Law Society disputes law complaints body’s budget. THE LAW SOCIETY OF SCOTLAND is demanding a reduction in the annual
‘Penman levy' complaints levy imposed all solicitors currently set by the Scottish Legal Complaints Commission at £275 for solicitors with three or more years experience, this despite the fact the levy has already been reduced once by the ‘less-than-independent' SLCC, who are proposing a freeze on complaints levy payments for the coming year.
The complaints levy is used to fund the operation of the SLCC which was created in 2007 to ‘independently’ investigate complaints against ‘crooked lawyers’ and clean up the high levels of closed shop complaints whitewashes which, remarkably continue to occur during Law Society investigations into client complaints against their own members.
Chief Executive Lorna Jack : Law Society’s replacement for Douglas Mill. Lorna Jack, Chief Executive of the Society contended the SLCC were handling lower levels of complaints due to lawyers facing financial hardship during the downturn. Ms Jack said : “The SLCC’s budget should reflect what is happening more widely in the economy, particularly given the financial difficulties solicitors have faced during the recession, and reflect the level of complaints the SLCC is currently handling, and expected to handle in the forthcoming year. At a time when solicitors are having to make tough decisions about their businesses and the Society has reduced the cost of the practicing certificate by £100, it is vital that the SLCC offers value for money.”
Ms Jack went onto attack the Legal Complaints Commission further, claiming it had plenty reserves to reduce levies on impoverished lawyers (who will pass on the levy charge to clients anyway, and then probably double or treble it according to the usual accepted practices of fleecing clients).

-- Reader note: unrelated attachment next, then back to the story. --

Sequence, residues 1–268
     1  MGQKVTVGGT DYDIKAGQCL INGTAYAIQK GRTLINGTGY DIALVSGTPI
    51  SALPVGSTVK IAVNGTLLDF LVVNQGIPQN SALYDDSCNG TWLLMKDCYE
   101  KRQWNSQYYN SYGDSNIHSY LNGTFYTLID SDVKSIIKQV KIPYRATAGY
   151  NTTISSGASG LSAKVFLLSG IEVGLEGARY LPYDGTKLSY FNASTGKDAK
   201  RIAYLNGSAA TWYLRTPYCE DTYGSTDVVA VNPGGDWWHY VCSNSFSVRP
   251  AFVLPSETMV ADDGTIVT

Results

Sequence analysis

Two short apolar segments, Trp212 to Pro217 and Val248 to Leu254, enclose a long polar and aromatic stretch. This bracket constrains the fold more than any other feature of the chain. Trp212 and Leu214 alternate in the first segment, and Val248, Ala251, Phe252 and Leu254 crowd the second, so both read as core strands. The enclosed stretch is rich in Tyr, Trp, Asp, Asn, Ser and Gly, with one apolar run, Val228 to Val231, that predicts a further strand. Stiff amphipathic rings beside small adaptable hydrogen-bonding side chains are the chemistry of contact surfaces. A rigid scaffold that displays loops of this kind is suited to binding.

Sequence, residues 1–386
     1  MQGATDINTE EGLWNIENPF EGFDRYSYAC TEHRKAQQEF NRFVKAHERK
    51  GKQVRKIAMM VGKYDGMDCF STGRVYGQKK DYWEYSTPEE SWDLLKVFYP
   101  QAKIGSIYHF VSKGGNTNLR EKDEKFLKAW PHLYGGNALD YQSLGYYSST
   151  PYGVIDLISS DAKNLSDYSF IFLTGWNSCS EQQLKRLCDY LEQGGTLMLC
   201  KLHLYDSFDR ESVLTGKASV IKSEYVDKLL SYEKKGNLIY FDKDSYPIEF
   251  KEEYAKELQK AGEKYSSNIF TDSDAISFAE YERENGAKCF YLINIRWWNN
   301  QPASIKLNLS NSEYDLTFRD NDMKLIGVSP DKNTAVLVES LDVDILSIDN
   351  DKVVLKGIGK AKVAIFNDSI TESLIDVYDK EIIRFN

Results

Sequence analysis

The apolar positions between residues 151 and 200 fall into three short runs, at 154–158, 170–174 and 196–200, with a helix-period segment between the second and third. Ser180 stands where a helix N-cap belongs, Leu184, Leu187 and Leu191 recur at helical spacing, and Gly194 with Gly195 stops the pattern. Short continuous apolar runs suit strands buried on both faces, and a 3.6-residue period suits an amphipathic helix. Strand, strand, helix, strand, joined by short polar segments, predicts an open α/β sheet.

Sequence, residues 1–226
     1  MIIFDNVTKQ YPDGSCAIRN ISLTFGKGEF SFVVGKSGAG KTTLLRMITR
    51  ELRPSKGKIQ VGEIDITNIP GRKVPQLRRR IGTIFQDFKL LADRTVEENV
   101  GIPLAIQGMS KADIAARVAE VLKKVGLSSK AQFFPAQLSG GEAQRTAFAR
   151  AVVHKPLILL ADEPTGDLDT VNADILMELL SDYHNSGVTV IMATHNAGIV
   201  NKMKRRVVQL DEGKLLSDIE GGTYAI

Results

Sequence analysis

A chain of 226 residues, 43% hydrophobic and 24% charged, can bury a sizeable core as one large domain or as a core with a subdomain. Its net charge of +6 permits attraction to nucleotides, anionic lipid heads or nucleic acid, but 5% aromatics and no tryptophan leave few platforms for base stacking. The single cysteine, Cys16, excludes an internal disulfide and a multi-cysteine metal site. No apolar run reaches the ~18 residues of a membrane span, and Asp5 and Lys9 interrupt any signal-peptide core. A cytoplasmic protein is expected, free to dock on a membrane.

Ms Jack continued : “The SLCC’s proposed budget would indicate that they have more than sufficient funding to reduce the financial burden on solicitors and still run the operation effectively. It is particularly frustrating that, when the SLCC was planning its 2009/10 budget, the Society maintained that the levy on solicitors was too high and would lead to excessive reserves. Having now seen the proposed budget, (including reserves to cover 6 months operational costs) it seems we were justified in our view and we will continue to press for a reduced levy on our members this year.”
£275 a year for crooked lawyers to stay out of jail ? Come on Lorna, where else does someone get such a cosy deal ? It’s hardly worth complaining about when the Law Society does so much to protect the profession against consumer complaints …
SLCC Chair Jane Irvine. Commenting on the Law Society’s call to reduce the levy, rather than simply freeze it, Jane Irvine, Chair of the Scottish Legal Complaints Commission said : “The budget consultation process is currently ongoing and it would therefore be inappropriate to respond to comments made in a press release from one of the professional bodies. We expect to receive formal responses from all the professional bodies following discussions with their representatives. The formal responses will be published on the SLCC website.”
Well, now that is a change, we wont need to do Freedom of Information requests to see what the Law Society of Scotland said in their responses … so lets hope for a bout of arm twisting and bullying well worthy of Scotland’s governing body of solicitors which as never once placed consumer protection above the interests of its solicitor membership.
SLCC Budget freeze takes account of downturn for lawyers, not downturn for Scotland. While the Law Society sticks to its chosen path of confrontation on this year’s complaints levy, Jane Irvine explained the Commission’s way of thinking for their 2010/11 budget. Ms Irvine said : "The Board is keen that levies collected from the legal profession do not change dramatically from year to year. Taking this and the economic downturn into account, we have decided to use SLCC reserves to stabilise the levy fee at a time when there is a reduction in the number of practising legal professionals, which of course, means fewer levies to be collected by the professional bodies."
She added: "The general levy for the next financial year will remain the same with additional categories being added to bring In-house Conveyancing and Executry Practitioners inline with In-house Solicitors and to also include members of the Association of Commercial Attorneys."